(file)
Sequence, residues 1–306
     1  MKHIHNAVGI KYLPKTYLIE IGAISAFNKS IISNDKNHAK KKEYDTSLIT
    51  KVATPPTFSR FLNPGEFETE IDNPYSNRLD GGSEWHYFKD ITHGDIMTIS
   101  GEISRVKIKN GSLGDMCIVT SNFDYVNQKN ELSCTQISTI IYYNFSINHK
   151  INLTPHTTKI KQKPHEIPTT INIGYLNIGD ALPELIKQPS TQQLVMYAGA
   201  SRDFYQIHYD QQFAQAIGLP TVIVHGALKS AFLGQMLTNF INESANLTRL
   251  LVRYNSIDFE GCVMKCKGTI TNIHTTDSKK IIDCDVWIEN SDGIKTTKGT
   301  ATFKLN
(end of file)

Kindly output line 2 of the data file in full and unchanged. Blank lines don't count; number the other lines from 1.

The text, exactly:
     1  MKHIHNAVGI KYLPKTYLIE IGAISAFNKS IISNDKNHAK KKEYDTSLIT